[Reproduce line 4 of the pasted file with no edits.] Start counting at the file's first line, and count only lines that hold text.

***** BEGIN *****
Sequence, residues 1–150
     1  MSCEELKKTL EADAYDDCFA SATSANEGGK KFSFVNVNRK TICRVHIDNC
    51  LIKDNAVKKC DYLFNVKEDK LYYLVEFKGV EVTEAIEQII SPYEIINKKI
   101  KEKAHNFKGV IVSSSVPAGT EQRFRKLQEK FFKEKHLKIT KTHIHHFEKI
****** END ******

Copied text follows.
   101  KEKAHNFKGV IVSSSVPAGT EQRFRKLQEK FFKEKHLKIT KTHIHHFEKI